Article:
End Games or Beginnings? Mt Hood.

On the way to Mt. Hood  - photo from a car window

End games. What a great phrase. And it is what I think about as I trudge up the stairs with my backpack to prepare for this summer’s summits.

To remind myself of one of the original reasons I embarked on this journey to Cotopaxi and Chimborazo and what the end game actually is, here’s an account of an unsuccessful trek up Mt. Hood in June 2012.

We had just returned from our hike along the Inca Trail with daughters #1 and #2 in May 2012. But June is a month of brides and we were already scheduled to attend a wedding of a dear friend at the Columbia Gorge Hotel on the Hood River. What could be a more obvious add-on than an attempt on Mt. Hood.

We left the lovely afternoon wedding reception perhaps an hour early and drove off in the general direction of the biggest mountain we could see. Now, we’d been to Mt. Hood before, many years ago when the daughters were small, but that involved a car, a visit with old friends, and lunch at the ski resort. It did not involve ropes, plastic boots or crampons.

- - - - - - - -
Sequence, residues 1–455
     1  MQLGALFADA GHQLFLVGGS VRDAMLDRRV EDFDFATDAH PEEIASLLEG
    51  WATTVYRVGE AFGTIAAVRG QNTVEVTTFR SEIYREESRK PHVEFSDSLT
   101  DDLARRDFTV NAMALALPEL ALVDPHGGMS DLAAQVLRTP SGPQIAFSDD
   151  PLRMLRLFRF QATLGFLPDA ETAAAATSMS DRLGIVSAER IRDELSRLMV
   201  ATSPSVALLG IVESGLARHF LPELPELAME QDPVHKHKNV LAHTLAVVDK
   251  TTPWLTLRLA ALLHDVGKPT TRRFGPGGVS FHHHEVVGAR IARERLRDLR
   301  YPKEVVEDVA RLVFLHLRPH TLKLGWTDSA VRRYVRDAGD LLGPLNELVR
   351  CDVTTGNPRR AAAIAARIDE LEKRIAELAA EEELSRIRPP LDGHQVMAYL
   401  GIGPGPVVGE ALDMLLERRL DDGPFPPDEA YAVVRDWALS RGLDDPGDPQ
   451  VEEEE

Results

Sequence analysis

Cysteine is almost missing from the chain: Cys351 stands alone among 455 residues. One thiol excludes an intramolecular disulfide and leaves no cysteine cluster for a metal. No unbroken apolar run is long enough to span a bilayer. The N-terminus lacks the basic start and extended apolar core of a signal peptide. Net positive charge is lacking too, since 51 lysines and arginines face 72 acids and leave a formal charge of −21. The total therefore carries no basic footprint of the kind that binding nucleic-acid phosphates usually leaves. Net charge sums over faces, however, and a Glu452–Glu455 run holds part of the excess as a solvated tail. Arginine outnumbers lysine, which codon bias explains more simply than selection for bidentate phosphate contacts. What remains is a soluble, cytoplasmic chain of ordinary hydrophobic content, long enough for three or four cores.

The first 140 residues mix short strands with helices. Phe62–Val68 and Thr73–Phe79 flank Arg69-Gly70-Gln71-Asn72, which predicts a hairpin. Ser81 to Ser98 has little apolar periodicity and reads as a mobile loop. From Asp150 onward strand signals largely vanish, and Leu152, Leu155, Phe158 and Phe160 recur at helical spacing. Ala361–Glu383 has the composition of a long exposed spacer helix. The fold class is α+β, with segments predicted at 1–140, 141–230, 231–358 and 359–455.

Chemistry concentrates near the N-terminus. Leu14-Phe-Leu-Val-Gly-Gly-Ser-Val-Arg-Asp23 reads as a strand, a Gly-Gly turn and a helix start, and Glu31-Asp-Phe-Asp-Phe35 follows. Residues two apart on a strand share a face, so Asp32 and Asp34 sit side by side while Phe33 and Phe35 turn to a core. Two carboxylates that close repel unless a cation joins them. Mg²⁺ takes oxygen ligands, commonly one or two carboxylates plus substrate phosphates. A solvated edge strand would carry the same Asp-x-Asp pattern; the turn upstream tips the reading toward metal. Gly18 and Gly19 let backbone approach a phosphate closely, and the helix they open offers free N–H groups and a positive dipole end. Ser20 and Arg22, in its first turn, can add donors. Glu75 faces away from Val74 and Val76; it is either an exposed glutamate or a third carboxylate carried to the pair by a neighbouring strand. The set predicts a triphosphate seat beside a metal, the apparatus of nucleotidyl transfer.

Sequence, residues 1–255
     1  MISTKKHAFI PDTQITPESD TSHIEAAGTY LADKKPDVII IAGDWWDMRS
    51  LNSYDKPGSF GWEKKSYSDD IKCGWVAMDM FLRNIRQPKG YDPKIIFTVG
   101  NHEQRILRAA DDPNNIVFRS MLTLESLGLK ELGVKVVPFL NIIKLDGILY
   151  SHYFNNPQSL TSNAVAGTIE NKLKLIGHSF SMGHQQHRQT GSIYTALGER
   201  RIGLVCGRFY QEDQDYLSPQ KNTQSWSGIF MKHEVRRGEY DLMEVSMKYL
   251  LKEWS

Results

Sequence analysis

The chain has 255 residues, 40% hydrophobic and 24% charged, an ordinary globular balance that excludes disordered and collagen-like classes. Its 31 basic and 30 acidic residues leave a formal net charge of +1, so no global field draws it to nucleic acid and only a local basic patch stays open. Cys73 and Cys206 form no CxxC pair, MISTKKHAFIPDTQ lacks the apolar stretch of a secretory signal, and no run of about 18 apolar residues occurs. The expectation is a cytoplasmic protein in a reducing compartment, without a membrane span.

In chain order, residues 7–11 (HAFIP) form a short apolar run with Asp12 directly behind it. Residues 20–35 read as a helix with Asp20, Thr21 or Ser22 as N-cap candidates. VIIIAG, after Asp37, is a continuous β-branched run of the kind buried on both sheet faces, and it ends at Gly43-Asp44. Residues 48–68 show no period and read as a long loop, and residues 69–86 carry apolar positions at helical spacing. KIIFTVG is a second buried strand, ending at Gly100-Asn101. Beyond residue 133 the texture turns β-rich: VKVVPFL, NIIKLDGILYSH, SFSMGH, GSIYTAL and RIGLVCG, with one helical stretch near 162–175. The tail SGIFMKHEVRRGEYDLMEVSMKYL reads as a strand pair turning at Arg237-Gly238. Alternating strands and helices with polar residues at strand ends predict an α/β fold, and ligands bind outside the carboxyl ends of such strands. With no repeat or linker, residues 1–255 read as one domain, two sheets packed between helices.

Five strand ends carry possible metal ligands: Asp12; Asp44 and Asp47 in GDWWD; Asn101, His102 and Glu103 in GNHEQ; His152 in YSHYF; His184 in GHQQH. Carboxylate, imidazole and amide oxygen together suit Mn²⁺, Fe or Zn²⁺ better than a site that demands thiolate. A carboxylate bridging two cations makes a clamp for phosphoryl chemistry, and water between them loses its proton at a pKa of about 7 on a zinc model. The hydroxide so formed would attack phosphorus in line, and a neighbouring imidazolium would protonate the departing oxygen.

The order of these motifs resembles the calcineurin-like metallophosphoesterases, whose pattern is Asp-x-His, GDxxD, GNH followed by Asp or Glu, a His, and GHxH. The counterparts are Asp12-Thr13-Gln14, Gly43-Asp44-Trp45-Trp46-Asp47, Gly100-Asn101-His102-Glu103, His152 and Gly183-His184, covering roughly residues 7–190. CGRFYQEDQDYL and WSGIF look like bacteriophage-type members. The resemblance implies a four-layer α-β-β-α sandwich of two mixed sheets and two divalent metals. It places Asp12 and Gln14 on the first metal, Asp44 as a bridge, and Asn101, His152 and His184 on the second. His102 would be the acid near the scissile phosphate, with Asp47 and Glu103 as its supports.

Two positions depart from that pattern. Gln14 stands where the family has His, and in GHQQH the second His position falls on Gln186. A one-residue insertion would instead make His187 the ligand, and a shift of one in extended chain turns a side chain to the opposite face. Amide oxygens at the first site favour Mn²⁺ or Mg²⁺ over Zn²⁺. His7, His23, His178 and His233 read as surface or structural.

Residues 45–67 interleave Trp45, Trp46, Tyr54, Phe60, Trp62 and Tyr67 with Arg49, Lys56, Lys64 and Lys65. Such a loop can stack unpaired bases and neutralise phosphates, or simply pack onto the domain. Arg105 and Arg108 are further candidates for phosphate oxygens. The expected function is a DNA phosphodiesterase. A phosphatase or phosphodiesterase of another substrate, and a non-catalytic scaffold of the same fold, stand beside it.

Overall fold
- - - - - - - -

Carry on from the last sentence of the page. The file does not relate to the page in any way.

This time, we stopped at a grocery store to buy what we thought we might need food wise, and continued on up the winding road featured in the intro scene of the movie of Stephen King’s The Shining. It’s steep and windy and the pine trees lean in at you from both sides of the road. We eventually arrived at the Timberline Lodge, built in 1936. It was constructed entirely by hand, using many craftspeople from Europe, as part of a Depression era Works Progress Administration program. It is perched at the side of Mt. Hood at an elevation of about 6,000 feet, and an entire ski complex has grown up around it. The rooms are small, and retro. No televisions; there are quilts; and the phones have rotary dials.

This was our first experience on ropes and ice. One main guide company leads climbs up Mt. Hood, and they supply most of the equipment, from helmets to plastics boots to ice axes and crampons. Neither husband J nor I had used any such exotic gear before. Kilimanjaro just required leather boots and a strong set of legs.